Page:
Farmers probably know better than anyone that "it" rolls downhill. A shoddy presidency tends to do the same.
They're one of the pillars of any country's economy and under President Joe Biden's ancient, liver-spotted thumb, farmers are getting pinched. Hard.
In a Senate Appropriations subcommittee hearing on Tuesday, Agriculture Secretary Tom Vilsak expressed his concern for farmers.
"There are 61,670 farm families in America today that are on the brink. 61,670 farm families that are either delinquent in their loans to [the U.S. Department of Agriculture] or bankrupt or are pending foreclosure. This is a serious issue and I'm pretty confident that every single member of this committee probably has a number of those 61,000 farmers living in their states," Vilsak said, according to CNS News.
In other words, farmers are in deep.
According to an article in Time magazine, the national farm debt was $416 billion in 2019. More than 50 percent of American farmers had lost money every year since 2013.
Later in his remarks on Tuesday, Vilsak seemed to hint at the problem of farmer suicides.
"I represented farmers during the 1980s as a small-town lawyer. I can tell you the pain. I can tell you the stress. I can tell you the decisions that folks make under these circumstances. I can tell you very tragic decisions that they make under these circumstances," he said.
Farmer suicide may not be anything new. In fact, according to a 2020 report from the Centers for Disease Control and Prevention, relative to other industries, suicide rates are significantly higher in five major industry groups. Agriculture is one of those five.
But Bidenflation and "green clean" energy policies can't be doing much to reduce those rates.
Keeping a farm profitable is a merciless endeavor. In 2019, Wisconsin lost 700 farms, an average of about two per day.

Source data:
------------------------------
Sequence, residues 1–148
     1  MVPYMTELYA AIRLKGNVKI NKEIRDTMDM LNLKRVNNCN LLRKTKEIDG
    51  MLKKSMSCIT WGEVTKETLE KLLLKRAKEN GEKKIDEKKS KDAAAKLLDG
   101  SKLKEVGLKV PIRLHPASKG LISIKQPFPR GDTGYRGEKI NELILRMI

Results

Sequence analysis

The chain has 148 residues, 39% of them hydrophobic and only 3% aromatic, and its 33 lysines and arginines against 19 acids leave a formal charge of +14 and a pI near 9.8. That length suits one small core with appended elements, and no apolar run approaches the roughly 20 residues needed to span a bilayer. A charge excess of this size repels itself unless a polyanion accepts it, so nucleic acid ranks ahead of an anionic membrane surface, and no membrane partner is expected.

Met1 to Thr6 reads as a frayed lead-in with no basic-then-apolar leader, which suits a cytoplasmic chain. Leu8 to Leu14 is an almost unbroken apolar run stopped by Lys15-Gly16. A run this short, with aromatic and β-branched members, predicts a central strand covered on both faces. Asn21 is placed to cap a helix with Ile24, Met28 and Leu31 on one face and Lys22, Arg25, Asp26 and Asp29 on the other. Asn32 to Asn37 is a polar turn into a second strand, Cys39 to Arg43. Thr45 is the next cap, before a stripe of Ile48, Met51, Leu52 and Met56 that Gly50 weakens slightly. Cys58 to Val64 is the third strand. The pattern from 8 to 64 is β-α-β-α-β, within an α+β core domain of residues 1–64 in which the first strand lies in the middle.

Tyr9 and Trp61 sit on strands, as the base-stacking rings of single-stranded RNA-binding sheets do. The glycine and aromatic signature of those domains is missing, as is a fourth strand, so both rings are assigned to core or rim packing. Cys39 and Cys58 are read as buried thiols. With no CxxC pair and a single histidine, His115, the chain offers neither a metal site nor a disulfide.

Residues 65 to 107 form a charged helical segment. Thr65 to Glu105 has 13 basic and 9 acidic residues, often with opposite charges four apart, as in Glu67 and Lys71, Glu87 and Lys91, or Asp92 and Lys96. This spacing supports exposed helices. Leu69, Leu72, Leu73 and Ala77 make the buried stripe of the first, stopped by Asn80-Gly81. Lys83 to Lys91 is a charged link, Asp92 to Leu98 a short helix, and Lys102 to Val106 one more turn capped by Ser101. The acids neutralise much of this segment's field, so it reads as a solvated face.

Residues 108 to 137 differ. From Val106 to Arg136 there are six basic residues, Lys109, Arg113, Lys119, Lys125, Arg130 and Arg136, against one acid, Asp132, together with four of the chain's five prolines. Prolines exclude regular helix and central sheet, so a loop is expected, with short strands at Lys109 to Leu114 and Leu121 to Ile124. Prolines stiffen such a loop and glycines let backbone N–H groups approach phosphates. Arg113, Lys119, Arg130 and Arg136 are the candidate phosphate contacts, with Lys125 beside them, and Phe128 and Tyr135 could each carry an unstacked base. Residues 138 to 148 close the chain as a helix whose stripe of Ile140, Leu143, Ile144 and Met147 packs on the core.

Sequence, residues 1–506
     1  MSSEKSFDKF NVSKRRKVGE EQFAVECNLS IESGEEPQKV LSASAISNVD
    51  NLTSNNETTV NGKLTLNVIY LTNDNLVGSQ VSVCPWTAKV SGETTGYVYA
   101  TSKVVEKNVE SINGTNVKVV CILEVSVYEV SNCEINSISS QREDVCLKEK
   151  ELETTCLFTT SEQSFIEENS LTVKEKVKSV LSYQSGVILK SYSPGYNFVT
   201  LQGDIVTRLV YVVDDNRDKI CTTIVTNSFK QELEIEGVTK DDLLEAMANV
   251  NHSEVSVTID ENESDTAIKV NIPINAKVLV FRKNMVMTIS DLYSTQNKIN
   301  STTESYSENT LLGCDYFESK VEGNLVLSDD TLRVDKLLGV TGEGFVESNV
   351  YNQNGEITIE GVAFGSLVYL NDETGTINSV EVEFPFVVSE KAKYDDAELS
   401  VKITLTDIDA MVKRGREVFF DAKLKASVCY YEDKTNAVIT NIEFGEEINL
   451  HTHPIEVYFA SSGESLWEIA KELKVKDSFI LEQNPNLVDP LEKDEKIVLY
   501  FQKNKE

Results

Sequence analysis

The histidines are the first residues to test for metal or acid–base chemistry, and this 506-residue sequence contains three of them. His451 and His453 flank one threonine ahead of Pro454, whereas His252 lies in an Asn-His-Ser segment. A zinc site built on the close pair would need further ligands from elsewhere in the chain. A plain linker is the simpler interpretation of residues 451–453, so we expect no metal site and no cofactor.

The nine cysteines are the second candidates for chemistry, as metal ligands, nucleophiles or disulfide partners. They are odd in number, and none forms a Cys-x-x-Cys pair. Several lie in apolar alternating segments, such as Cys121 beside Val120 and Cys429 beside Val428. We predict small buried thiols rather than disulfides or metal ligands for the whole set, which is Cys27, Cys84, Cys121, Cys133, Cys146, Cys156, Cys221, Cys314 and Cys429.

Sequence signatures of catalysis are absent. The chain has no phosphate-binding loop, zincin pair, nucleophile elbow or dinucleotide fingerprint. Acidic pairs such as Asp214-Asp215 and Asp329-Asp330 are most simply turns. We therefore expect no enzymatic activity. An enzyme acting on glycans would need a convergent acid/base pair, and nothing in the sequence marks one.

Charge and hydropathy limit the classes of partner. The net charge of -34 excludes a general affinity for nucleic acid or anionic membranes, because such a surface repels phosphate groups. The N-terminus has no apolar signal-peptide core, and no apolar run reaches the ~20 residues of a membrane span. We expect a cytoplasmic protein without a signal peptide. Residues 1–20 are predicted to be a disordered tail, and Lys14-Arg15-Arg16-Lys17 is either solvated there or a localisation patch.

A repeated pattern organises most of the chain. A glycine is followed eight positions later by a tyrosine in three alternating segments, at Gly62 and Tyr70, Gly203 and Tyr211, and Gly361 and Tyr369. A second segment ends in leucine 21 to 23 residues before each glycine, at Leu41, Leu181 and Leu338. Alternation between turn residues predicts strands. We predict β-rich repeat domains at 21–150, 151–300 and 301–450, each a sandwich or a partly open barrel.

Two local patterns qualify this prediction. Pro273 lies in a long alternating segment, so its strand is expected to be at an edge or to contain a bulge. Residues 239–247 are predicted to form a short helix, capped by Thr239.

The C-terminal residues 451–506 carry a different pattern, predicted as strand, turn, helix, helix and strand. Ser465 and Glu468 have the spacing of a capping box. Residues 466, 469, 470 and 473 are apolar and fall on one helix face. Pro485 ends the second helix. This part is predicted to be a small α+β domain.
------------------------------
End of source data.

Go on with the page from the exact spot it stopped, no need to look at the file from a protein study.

Economic cycles, the rise of fuel, fertilizer and equipment prices, and dependence on factors such as seasons and climate, among other things, all contribute to the hardship. But farmers expect varying degrees of this in any economy and do what they can to prepare.
But nobody could have prepared for Biden.
Rather than acknowledging that he is largely to blame for issues such as inflation and price increases, he instead blames them on Republicans, COVID-19 and Russia -- even though record-high inflation rates can be traced back almost to the day he was crowned in January 2021.
According to a recent NBC News article, inflation has increased every month since Biden has been in office.
In January 2021, inflation was 1.4 percent higher than it was 12 months before. By July it was 5.4 percent higher. By December it was 7 percent higher and by February this year it was almost 8.
The article went on to explain, "Furthermore, the price increases have been across the board, on cars and gas and groceries to homes. If you're spending money, you're paying a little more for almost everything you're buying."
The last time inflation was this high was 40 years ago, in 1982, NBC reported.
Like a true tool of the left, inflation and price increases are inclusive -- nobody gets left behind, everybody gets screwed. But judging by the rate at which farmers commit suicide, perhaps not everyone gets screwed equally.
When farmers lose their job, they are really losing a lot more than that. They have to give up their land and homes, which have often been in their families for generations.
So how does Biden plan to support our farmers?
According to a statement from the White House, first, he will blame Russia and COVID-19.
Next, he will wave his magic wand and cut costs (which doesn't seem to work for cutting gas prices).
Then, he will increase the number of farm counties that are eligible for double cropping insurance.
Double cropping is when a farmer is allowed to plant a second crop on the same land in the same year. This can be risky and many farmers who practice double cropping cannot acquire crop insurance. Hence Biden's plan for increasing insurance eligibility.
I am no farmer, but that does not sound like much help to me. It's just Biden attempting to look like he's doing something.
It reminds me of a line from the Vietnam War movie "Apocalypse Now": “It was the way we had over here of living with ourselves. We'd cut them in half with a machine gun and give them a Band-Aid.”
If only Biden would listen to his agriculture secretary's pleas.
"So I would hope that as we talk about the future of agriculture in this country, that we don't lose sight of those 61,670 farm families," Vilsak said.
"They deserve our attention. They deserve some creative thought about how we may be able to assist them during this pandemic-stricken time. And I sincerely hope that we can work collaboratively together in a bipartisan way to make sure that they have a hopeful future as opposed to one that is currently stress-filled today."
This article appeared originally on The Western Journal.